And it isn't just for To Do lists, either. Here's my personal screed about email.
First of all, let's get a few things straight. 1) I already have pretty good systems in place for managing email but they could be better; I don't think email is particularly broken, it just needs better management tools; 2) I don't give two shits about getting to "Inbox Zero;" this is not the Nirvana it's portrayed as.
The Inbox Zero Myth
Much ado has been made about the concept of Inbox Zero. I believe this all derives from the Getting Things Done movement that was all the rage a few years ago and that has really set down roots in certain quarters. GTD never really made much sense to me at the time — it's just task management, which any reasonably adult and disciplined person should be able to handle on his own — and Inbox Zero doesn't either.
The idea behind Inbox Zero is that if you can get your Inbox down to zero, then you've probably addressed everything — or at least many of the things — you need to address in any given day, and you can then reclaim your own brain. And there's probably a good deal of truth to that if a lot of your job involves responding to email, which for many of us it actually does.
So applications have been developed that give you immediate ways of dealing with email such that it stays out of your Inbox. Mailbox is the latest such app. In Mailbox, when you get an email you are intended to act upon it immediately, either by responding or by filing the email into one of Mailbox's preset filers. Mailbox will then, at a later date that you can specify, remind you of any emails that still require action by returning them to your Inbox.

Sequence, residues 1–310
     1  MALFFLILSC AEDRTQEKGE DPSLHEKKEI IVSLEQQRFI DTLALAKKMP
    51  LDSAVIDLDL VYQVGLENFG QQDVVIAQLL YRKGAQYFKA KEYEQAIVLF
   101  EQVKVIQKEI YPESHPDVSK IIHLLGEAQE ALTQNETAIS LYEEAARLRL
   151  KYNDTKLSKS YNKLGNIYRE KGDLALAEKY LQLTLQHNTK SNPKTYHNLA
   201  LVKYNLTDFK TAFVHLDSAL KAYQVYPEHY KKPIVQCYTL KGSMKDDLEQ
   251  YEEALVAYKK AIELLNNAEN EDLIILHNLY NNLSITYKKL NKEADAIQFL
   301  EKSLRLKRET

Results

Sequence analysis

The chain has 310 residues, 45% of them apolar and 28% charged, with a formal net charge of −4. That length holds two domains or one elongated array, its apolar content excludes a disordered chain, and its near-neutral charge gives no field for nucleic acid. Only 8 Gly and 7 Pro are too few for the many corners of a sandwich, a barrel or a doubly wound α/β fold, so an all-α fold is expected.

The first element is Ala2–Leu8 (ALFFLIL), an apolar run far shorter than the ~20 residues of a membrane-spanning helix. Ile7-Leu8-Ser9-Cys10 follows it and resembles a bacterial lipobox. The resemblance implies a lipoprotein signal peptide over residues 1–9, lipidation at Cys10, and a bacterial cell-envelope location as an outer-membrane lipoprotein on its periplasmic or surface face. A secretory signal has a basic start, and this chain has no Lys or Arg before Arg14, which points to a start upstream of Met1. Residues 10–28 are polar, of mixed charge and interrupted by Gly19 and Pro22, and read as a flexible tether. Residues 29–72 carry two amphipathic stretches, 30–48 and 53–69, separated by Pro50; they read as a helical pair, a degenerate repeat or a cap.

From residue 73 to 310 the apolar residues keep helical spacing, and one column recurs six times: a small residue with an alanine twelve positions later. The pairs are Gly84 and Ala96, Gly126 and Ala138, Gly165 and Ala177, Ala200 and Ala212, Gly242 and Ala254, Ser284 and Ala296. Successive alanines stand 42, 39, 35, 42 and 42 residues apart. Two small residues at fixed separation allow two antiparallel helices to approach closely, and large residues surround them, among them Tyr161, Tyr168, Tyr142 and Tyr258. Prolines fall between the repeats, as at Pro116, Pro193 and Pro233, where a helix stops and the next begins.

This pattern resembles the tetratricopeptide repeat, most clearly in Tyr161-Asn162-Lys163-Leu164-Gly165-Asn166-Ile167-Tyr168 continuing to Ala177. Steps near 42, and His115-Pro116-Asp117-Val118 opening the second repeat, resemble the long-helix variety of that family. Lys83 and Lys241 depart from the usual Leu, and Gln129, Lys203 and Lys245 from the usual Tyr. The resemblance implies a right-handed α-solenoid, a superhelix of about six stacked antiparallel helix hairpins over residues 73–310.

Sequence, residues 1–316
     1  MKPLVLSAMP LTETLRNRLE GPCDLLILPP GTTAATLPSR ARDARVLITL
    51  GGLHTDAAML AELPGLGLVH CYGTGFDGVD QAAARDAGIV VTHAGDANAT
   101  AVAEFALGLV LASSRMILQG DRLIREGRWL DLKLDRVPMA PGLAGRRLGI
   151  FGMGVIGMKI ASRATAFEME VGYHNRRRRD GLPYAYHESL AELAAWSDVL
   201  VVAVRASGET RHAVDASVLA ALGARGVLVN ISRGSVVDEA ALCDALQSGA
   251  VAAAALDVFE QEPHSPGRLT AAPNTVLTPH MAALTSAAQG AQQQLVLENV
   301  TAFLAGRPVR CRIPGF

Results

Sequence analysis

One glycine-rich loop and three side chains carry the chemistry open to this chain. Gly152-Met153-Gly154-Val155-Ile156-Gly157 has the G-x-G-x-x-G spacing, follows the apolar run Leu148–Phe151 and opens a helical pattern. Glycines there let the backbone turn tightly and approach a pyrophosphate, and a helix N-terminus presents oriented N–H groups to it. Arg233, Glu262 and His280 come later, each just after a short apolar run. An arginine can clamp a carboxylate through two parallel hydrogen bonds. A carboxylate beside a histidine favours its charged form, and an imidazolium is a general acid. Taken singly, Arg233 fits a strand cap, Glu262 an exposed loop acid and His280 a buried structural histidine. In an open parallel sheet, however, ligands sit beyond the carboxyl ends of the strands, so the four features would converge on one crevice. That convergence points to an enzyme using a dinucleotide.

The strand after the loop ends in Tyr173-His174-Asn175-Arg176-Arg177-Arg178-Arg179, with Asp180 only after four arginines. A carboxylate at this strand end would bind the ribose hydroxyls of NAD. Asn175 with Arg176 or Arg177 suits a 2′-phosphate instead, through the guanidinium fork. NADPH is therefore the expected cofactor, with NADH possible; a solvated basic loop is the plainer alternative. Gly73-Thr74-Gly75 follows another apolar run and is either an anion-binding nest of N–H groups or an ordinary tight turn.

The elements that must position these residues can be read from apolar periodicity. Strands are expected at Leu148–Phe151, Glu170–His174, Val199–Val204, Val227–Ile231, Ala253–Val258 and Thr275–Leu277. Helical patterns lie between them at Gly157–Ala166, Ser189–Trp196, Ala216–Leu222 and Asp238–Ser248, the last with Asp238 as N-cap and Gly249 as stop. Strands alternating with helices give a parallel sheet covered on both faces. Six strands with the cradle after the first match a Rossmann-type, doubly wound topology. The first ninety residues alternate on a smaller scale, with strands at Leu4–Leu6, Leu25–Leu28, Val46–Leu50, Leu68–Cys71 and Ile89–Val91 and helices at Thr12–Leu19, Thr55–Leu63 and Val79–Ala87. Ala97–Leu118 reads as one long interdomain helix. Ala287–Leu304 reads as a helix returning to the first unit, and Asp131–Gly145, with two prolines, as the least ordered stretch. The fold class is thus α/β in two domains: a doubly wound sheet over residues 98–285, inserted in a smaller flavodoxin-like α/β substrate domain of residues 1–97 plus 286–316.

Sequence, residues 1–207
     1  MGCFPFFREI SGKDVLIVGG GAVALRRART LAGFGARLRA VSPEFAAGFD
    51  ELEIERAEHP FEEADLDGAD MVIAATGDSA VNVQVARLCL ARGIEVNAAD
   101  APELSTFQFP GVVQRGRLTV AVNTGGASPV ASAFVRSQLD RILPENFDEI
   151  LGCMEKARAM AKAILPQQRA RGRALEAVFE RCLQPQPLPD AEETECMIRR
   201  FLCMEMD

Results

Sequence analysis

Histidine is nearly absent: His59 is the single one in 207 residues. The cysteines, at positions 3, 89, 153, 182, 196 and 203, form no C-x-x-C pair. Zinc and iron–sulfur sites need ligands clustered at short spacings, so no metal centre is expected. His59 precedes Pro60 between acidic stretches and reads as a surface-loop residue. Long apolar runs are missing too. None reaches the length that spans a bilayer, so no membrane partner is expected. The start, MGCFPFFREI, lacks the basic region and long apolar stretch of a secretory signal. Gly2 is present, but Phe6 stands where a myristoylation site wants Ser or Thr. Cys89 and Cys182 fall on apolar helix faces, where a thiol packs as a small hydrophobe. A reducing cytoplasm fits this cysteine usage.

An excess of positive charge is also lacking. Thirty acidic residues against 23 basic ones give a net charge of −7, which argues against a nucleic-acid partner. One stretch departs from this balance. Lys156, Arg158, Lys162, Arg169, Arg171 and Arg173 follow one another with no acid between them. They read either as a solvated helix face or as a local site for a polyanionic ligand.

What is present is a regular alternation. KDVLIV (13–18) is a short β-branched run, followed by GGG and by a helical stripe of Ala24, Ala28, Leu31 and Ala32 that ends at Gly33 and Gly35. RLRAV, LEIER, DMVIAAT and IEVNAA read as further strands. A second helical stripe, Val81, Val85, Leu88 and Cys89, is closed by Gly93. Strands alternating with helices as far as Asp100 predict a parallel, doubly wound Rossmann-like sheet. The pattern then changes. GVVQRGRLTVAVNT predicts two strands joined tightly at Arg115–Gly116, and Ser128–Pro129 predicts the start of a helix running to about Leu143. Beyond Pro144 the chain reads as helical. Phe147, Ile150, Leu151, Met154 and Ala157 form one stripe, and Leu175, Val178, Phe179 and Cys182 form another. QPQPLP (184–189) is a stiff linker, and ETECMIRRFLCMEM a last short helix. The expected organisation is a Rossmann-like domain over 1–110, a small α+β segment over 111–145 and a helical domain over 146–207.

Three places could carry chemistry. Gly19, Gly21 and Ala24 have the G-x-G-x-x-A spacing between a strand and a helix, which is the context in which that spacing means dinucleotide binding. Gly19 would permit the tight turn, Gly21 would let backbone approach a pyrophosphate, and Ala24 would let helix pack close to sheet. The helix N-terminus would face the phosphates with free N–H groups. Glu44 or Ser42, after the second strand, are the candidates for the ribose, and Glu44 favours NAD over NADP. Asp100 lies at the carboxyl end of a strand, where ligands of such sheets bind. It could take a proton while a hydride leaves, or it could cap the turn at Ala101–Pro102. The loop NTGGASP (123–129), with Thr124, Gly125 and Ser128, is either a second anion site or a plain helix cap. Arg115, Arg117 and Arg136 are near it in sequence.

The problem I have with this method is that it doesn't help you get anything done. It just offloads tasks that can't be acted upon immediately into a folder. This isn't Getting Things Done, this is hiding the things you've chosen to skip or ignore, and rather than productivity, it's essentially procrastination. Where Inbox Zero is supposed to signify accomplishment, the Mailbox method simply provides that illusion.
Frankly, Inbox Zero just doesn't really matter much, especially if all you're doing is filing things rather than acting on them. What you're trying to manage with an app like Mailbox is action, behavior, and I don't think an app — or at least not apps like the ones I've seen — can really help you do that.
Where Mail Is Broken
The problem with thinking about Mail like a simple To Do list is that it belies the many things Email is actually very good at, in particular, the sending and receiving of Electronic Mail, which is still, even in this day and age, horrendously useful. It also ignores all the other things people have begun to use email for.
From where I sit, there are certainly numerous ways in which email — and specifically email clients — can be better.
Junk email is still a problem, and no one has really cracked that nut to my full satisfaction. Gmail does about as good a job as anyone, and sometimes even offers to unsubscribe to messages you mark. But I think we need more of this, even better tools for managing spam than simply marking things "Spam." Rules are great, but I'd love to see more sophisticated and dynamic rule-making tools that query me when I mark something as Spam. As it is now, I either rely on server-side spam filters, or I write rules and blacklists by hand. And that's kind of a drag.